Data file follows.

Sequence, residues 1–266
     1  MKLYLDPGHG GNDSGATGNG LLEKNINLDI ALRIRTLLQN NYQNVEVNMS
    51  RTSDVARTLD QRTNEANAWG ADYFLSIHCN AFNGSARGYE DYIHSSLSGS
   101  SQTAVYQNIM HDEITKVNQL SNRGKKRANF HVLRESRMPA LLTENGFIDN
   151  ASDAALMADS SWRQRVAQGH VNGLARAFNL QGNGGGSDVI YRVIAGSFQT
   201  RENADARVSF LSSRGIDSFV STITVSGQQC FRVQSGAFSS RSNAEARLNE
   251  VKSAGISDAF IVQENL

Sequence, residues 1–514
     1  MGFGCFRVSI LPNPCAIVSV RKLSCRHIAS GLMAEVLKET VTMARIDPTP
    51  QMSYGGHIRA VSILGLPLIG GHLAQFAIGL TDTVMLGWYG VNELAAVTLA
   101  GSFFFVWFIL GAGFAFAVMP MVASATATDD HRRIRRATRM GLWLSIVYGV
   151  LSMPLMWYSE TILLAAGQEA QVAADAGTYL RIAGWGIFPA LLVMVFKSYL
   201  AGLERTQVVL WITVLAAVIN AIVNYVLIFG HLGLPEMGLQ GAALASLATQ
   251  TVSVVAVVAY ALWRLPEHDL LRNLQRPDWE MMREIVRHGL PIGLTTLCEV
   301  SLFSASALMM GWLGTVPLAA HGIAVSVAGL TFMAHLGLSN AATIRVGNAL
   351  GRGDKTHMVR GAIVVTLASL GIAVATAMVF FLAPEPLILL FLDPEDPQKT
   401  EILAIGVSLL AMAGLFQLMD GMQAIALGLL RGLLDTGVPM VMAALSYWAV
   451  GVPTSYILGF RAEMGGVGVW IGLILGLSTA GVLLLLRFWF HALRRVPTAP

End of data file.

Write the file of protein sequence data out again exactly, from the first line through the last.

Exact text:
Sequence, residues 1–266
     1  MKLYLDPGHG GNDSGATGNG LLEKNINLDI ALRIRTLLQN NYQNVEVNMS
    51  RTSDVARTLD QRTNEANAWG ADYFLSIHCN AFNGSARGYE DYIHSSLSGS
   101  SQTAVYQNIM HDEITKVNQL SNRGKKRANF HVLRESRMPA LLTENGFIDN
   151  ASDAALMADS SWRQRVAQGH VNGLARAFNL QGNGGGSDVI YRVIAGSFQT
   201  RENADARVSF LSSRGIDSFV STITVSGQQC FRVQSGAFSS RSNAEARLNE
   251  VKSAGISDAF IVQENL

Sequence, residues 1–514
     1  MGFGCFRVSI LPNPCAIVSV RKLSCRHIAS GLMAEVLKET VTMARIDPTP
    51  QMSYGGHIRA VSILGLPLIG GHLAQFAIGL TDTVMLGWYG VNELAAVTLA
   101  GSFFFVWFIL GAGFAFAVMP MVASATATDD HRRIRRATRM GLWLSIVYGV
   151  LSMPLMWYSE TILLAAGQEA QVAADAGTYL RIAGWGIFPA LLVMVFKSYL
   201  AGLERTQVVL WITVLAAVIN AIVNYVLIFG HLGLPEMGLQ GAALASLATQ
   251  TVSVVAVVAY ALWRLPEHDL LRNLQRPDWE MMREIVRHGL PIGLTTLCEV
   301  SLFSASALMM GWLGTVPLAA HGIAVSVAGL TFMAHLGLSN AATIRVGNAL
   351  GRGDKTHMVR GAIVVTLASL GIAVATAMVF FLAPEPLILL FLDPEDPQKT
   401  EILAIGVSLL AMAGLFQLMD GMQAIALGLL RGLLDTGVPM VMAALSYWAV
   451  GVPTSYILGF RAEMGGVGVW IGLILGLSTA GVLLLLRFWF HALRRVPTAP